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The Performance Summary report (EFS) is a great tool for measuring the performance and profitability of your farm business.

It does this using actual, budget or revised (a combination of actual plus budget) figures.

Pongaroa sheep and beef farmer and farm consultant, Rachel Joblin, says the EFS report is her ‘go-to’ report.

“It’s the first thing I look at. I like the EFS report because it gives a big picture view of what’s going on. The EFS and the stock reconciliation are key for us, and for clients,” she says.

“I look at the big picture and then work backwards to see how we can improve. I look at the EFS and then what’s affecting or contributing to the EFS.”

It is a financial year-based report, which means it includes your entire financial year i.e. June – May, plus balance date payable and receivable items (items that you pay or receive income for in the current year that relates to the previous year).

The EFS report helps you to analyse the physical and cash performance of your business by identifying Key Performance Indicators (KPIs) that are specific to you.

Non-cash adjustments such as livestock adjustments, wages of management and depreciation can also be included.

Useful KPIs to help benchmark your business could include gross farm revenue, economic farm surplus, debt servicing, and farm expenses.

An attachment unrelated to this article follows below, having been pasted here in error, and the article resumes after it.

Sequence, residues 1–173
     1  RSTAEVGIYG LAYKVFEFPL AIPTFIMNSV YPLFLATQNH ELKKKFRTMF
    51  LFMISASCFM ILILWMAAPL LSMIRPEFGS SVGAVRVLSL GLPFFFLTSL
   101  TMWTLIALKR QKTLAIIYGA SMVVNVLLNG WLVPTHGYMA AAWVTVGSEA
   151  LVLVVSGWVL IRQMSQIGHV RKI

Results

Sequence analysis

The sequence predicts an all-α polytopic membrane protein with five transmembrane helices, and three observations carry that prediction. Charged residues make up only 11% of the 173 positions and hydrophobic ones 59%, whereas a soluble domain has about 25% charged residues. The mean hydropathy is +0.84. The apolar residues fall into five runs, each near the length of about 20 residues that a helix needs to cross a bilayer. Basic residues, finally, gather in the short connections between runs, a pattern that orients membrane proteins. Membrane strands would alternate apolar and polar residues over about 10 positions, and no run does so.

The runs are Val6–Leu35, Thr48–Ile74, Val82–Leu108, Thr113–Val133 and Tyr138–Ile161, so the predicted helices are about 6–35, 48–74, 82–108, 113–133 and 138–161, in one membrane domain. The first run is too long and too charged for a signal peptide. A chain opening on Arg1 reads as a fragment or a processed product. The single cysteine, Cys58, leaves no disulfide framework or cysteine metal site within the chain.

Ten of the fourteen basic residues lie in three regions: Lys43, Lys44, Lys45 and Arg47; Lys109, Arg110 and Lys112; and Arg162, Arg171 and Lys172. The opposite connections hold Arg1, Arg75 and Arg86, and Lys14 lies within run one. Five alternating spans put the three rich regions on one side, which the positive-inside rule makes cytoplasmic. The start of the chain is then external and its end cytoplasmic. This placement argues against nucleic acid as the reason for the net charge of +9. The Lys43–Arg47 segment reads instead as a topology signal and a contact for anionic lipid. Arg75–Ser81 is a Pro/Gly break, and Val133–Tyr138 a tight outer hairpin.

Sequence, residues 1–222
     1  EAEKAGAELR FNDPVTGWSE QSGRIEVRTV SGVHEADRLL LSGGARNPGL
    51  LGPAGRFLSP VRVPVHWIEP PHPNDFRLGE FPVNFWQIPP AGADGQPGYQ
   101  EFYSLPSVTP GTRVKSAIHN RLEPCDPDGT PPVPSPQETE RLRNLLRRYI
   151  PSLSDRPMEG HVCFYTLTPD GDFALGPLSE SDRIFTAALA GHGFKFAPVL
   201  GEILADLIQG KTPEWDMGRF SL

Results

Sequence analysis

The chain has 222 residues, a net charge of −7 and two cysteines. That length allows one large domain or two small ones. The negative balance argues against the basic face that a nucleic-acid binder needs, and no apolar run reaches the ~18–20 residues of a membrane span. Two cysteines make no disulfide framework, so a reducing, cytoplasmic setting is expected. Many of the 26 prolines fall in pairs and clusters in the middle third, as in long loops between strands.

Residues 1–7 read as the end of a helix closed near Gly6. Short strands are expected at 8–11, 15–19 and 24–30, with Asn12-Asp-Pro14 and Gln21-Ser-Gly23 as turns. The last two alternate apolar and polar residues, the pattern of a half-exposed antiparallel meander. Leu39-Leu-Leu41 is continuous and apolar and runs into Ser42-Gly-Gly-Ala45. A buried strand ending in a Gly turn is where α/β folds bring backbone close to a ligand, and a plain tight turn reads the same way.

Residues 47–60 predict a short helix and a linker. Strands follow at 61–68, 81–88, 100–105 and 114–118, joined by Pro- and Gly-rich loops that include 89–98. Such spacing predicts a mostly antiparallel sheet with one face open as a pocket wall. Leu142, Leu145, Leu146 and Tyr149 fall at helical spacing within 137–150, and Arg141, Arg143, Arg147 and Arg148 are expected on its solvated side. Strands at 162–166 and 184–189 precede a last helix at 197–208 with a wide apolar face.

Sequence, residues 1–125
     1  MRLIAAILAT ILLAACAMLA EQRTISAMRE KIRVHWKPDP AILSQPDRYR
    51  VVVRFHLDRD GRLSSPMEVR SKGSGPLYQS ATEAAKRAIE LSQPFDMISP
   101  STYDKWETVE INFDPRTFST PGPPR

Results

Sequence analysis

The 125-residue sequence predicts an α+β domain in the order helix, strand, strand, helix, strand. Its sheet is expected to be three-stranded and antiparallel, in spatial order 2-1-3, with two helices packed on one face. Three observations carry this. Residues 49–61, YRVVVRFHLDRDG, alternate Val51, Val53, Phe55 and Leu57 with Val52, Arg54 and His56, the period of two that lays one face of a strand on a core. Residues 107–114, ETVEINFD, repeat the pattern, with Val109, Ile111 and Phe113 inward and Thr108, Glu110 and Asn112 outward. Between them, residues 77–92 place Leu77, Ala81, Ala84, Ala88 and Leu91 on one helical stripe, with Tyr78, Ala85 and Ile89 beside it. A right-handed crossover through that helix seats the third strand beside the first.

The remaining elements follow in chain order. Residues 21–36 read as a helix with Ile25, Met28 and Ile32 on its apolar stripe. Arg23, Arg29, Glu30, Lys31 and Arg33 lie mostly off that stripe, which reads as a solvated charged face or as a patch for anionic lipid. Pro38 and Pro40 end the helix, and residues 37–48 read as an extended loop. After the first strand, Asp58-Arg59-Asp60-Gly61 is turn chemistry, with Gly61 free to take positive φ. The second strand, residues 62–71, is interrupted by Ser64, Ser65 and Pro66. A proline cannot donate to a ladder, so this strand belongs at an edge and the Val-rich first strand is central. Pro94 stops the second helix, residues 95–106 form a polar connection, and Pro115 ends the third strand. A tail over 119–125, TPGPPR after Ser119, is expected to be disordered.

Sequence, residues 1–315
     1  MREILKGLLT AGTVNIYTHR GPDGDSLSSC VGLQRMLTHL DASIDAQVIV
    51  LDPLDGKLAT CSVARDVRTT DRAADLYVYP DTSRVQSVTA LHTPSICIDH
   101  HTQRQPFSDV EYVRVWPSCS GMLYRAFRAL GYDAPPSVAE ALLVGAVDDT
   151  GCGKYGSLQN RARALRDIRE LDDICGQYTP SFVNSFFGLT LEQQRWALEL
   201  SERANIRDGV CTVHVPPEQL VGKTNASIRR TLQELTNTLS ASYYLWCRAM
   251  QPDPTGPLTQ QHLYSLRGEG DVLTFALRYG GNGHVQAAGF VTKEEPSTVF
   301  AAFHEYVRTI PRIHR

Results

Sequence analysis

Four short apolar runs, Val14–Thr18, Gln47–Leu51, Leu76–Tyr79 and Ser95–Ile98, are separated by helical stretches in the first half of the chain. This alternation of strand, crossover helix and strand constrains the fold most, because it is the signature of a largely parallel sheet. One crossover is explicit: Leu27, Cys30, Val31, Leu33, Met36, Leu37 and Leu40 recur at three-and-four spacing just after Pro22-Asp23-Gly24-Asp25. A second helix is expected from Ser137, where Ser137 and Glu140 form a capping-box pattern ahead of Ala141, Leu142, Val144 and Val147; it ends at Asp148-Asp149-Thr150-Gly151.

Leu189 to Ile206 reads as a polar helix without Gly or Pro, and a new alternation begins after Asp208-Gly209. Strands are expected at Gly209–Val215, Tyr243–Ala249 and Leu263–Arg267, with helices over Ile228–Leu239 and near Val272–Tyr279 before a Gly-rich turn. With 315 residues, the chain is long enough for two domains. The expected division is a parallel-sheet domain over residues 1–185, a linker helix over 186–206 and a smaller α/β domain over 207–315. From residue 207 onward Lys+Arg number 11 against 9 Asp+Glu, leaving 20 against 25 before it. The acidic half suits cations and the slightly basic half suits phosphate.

While the EFS report default view is to display gross farm revenue minus farm expenditure and non-cash adjustments, you can expand the report to include interest and rent, giving you your operating surplus.

Or go even further into your business and include debt servicing and tax.

How is the EFS report created?

Most of the information is pulled directly from your actual or budget data. Under Report Options you can also:

  1. Customise the report to view each enterprise within your business or change the Analyse By fields to suit your business.
  2. Add additional information, like adjustments for stock.
  3. For an accurate view of your business, don’t forget wages of management, depreciation and any capital expenses that haven’t been recorded in your database.

The EFS requires key information in order to provide accurate reporting. So it helps to make sure that the data in your database is up to date.





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